Municipal Court Judge Robert Faulkner on Tuesday rejected the ethics complaint filed against Macon City Councilwoman Elaine Lucas over her Facebook posts.
“I’m pleased with the decision, and I think we all knew that it was a frivolous complaint,” Lucas said Tuesday evening. “But this kind of thing has to be stopped. People can’t just complain and interrupt the work that I’m trying to do for my constituents.”
Describing the complaint as the work of an “organized Republican and tea party effort to discredit her,” Lucas alleged that it stemmed from her support for President Barack Obama. She said she would see about taking any legal action in reply.
Faulkner’s decision Tuesday morning says that ultimately, Lucas has the First Amendment right to say what she wants -- but the last line leaves open the possibility of civil suits for libel or slander, which wouldn’t come through Faulkner’s courtroom.
Sign Up and Save
Get six months of free digital access to The Telegraph
On Sept. 12, local Republican Party leader and “We Are Politics” blog author Bill Knowles filed the complaint, which accused Lucas of violating the city’s ethics code by stirring up racial divisions, alleging conspiracies against her, and describing political opponents as Ku Klux Klan members.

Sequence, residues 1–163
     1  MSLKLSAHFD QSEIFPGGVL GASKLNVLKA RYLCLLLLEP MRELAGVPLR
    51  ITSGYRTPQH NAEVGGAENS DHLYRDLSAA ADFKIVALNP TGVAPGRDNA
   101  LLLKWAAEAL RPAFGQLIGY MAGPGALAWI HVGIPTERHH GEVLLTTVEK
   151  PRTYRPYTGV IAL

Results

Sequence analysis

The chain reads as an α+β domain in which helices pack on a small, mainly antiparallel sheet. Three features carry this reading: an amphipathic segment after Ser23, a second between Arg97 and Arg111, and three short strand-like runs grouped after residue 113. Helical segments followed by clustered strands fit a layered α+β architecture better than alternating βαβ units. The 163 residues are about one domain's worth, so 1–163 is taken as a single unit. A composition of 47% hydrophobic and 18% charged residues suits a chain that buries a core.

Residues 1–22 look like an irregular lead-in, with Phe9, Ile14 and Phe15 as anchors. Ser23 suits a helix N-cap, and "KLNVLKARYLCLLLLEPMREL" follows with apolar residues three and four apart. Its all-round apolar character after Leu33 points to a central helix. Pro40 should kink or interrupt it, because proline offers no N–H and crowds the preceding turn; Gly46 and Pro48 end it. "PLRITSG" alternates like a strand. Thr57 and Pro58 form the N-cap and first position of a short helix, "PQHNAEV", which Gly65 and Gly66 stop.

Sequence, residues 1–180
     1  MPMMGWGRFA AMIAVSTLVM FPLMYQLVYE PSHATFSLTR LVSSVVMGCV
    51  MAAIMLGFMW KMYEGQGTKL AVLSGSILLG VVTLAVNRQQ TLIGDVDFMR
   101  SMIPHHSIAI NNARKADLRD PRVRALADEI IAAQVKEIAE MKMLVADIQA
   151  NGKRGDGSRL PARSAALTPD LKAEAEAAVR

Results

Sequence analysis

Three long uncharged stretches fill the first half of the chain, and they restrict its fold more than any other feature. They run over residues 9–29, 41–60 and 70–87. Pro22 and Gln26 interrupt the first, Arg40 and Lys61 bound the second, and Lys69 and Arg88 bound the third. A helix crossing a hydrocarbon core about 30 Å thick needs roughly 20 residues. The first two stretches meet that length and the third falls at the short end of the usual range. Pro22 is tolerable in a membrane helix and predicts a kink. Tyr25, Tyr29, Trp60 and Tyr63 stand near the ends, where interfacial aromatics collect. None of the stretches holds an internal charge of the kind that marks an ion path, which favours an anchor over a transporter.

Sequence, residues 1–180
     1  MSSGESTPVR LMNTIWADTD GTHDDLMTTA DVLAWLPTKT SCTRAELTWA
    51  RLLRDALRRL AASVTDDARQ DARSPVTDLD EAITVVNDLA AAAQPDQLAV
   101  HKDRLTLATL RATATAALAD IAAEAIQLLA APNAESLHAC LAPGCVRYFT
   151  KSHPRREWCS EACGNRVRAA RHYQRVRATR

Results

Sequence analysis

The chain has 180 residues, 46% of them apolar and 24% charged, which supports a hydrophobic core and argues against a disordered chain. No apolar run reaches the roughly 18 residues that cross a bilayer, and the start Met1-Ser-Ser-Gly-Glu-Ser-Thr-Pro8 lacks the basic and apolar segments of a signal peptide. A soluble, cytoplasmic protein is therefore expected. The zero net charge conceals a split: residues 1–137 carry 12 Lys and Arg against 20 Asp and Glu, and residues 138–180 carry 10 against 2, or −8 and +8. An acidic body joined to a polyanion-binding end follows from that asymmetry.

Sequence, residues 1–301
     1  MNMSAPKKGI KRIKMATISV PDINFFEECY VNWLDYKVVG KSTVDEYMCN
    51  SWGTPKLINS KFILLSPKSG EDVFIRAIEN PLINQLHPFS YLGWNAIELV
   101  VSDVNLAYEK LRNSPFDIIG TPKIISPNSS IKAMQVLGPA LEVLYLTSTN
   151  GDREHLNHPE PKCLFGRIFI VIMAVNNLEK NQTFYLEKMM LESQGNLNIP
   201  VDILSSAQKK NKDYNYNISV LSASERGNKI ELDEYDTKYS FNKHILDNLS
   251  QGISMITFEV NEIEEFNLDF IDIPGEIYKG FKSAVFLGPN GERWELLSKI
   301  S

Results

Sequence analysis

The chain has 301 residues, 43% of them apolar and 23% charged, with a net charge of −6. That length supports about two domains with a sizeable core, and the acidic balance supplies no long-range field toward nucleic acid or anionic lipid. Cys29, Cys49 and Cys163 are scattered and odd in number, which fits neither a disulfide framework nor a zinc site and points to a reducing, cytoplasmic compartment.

That may be unpleasant, even flatly untrue, without being a city ethics violation, Faulkner decided.
“Based on the complaint, it appears that the Complainant is alleging Ms. Lucas violated the preamble to the requirements of the Code, but there is no indication she is accused of violating the ‘prohibitions,” he wrote.
Faulkner quoted a column by Telegraph columnist and former Macon City Councilman Erick Erickson -- who frequently traded insults with Lucas -- in saying “she has the right to go on Facebook and write what she wants to write.”
That ended Faulkner’s direct involvement.
“The libel and slander laws of the State of Georgia give anyone who is falsely accused or is the butt of an untrue statement the right to proceed civilly against one who makes the untrue statement,” he concluded.
Knowles, reached shortly after Faulkner’s decision was released, accepted it.
“I think that Judge Faulkner ruled in the way that he best could,” Knowles said. “I did what I thought was right for the citizens of Bibb County and Macon.
“I’m of course disappointed in Judge Faulkner’s ruling, but I also respect her First Amendment rights.”
He maintained that Lucas should face some sanction for “defaming good people for no good cause.”
Knowles based his complaint on Lucas’ frequent postings, which describe her “enemies” as “all Republican tea baggers.”
She compared Erickson to a pyromaniac, wishing his “little Hitler-like family” would move to the other side of the world, while calling Telegraph Editorial Page Editor Charles Richardson “a stooge controlled by the good old boy system. He is a token who sold his soul a long time ago.”
She also described a bipartisan group that supported the re-election of Mayor Robert Reichert as a “replacement” for the Ku Klux Klan.
Lucas said Tuesday that she thinks Knowles, Erickson, Richardson and his talk-show partner Kenny Burgamy, and unnamed others have formed a “little association” to harass and intimidate her and that she’ll consider filing lawsuits based on that belief.
To contact writer Jim Gaines, call 744-4489.